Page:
News has been hitting the headlines recently about a number of restaurant chains struggling to stay afloat under the increased pressure of rising costs, not least business rates.
Celebrity TV chef Jamie Oliver’s restaurant empire is the latest to come under the media spotlight after it was revealed Barbecoa, his upmarket barbecue chain, looks set to cease trading, with the potential loss of 160 jobs. Another of the embattled chef’s chains, Jamie’s Italian, has also agreed to close 13 restaurants as part of a company voluntary arrangement (CVA), resulting in the loss of 450 jobs.
So where has it all gone wrong for the self-styled Naked Chef?
According to reports, Oliver’s restaurants faced a whopping 28 per cent rise in business rates in 2018, following last year’s revaluation. That would be hard to stomach for any business.
If it’s of any comfort to Jamie Oliver, he’s not the only celebrity chef to have fallen foul of the hike in business rates. French chef Raymond Blanc’s Brasserie Bar venture cited a 12 per cent rates increase as one of the reasons for it posting a near £3.2m pre-tax loss.
Earlier this month, sandwich chain EAT announced that it had appointed Big Four accountancy firm KPMG to assess its options after starting to feel the financial pressure of rising business rates and higher wage costs.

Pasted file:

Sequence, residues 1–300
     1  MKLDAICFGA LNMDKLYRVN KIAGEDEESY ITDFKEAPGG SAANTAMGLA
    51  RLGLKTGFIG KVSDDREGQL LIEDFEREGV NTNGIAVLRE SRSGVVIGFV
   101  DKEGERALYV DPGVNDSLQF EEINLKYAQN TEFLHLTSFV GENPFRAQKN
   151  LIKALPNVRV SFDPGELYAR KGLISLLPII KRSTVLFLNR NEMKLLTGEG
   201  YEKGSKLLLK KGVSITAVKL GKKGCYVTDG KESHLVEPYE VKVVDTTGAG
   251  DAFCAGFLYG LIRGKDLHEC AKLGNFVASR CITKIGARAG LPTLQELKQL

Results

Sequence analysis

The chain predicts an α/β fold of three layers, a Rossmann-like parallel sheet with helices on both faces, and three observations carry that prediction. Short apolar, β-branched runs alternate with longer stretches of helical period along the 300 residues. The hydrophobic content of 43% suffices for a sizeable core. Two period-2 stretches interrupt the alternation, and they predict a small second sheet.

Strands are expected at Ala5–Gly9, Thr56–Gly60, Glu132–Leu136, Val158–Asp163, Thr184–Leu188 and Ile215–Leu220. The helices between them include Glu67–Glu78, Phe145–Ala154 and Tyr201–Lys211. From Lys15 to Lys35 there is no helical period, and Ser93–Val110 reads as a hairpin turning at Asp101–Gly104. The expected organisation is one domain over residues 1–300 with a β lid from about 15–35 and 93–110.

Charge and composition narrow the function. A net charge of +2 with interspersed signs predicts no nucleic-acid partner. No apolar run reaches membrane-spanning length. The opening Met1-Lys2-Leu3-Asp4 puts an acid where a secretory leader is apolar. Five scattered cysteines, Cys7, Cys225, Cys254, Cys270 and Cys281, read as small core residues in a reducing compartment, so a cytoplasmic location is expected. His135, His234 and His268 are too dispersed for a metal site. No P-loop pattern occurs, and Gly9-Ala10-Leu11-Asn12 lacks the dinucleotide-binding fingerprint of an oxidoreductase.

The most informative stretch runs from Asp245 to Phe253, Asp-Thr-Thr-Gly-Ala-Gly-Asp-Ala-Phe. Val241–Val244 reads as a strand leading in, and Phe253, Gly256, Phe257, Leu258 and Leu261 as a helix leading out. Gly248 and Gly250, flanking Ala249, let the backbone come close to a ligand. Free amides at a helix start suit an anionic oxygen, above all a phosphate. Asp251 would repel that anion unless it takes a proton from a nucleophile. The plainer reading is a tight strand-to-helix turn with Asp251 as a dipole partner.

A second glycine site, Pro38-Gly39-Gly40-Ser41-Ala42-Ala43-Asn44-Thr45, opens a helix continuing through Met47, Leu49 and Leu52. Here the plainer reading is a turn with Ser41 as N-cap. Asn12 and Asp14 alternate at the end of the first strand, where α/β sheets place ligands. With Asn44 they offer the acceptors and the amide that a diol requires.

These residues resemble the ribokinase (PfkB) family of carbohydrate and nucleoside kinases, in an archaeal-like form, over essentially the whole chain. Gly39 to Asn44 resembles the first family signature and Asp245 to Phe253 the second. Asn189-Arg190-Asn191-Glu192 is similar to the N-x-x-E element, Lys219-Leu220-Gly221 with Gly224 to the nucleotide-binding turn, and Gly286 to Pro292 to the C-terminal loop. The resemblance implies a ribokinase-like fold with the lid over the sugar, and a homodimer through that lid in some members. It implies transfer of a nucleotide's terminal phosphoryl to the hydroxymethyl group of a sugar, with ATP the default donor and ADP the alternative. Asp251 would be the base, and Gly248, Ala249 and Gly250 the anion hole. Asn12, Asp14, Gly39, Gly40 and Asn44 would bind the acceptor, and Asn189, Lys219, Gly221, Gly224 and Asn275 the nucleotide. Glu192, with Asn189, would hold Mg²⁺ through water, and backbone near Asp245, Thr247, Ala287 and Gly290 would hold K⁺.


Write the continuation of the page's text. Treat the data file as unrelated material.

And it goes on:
Another well-known Italian eatery, Prezzo, has called in a specialist turnaround firm to advise it on a potential financial restructuring in a bid to save the chain from collapse.
Away from the restaurant sector, in January telecoms giant BT its revenues for the third quarter to December 31 had fallen as a result of higher business rates and pension charges. The group saw adjusted earnings drop two per cent to £1.8bn, while sales fell three per cent to £5.97bn.
These are not isolated cases either. Over the last six months, we have seen a number of High Street retailers, including M&S and New Look, announce store closures and job cuts.
Of course, business rates cannot be entirely blamed for the troubles faced by some restaurants and retailers. Struggling restaurants have had the extra pressure of increased competition to deal with, both from rapidly expanding chains and new entrants to the market.
Coupled with rising wage costs, following the introduction of the higher minimum wage, and the rising cost of imported produce, caused by the pound’s fall in value, it’s easy to see how they have got themselves in hot water.
At a time of so much political and economic uncertainty, the extra burden of business rates is a burden that many businesses will unfortunately not be able to bear.
We have long called for major reforms to the business rates regime to make the system fairer. Changing the frequency of revaluations from every five years to every three should help avoid steep rate rises.
However, this won’t have an impact until 2022, by which time it could well be too late for some businesses already struggling to keep their head above water.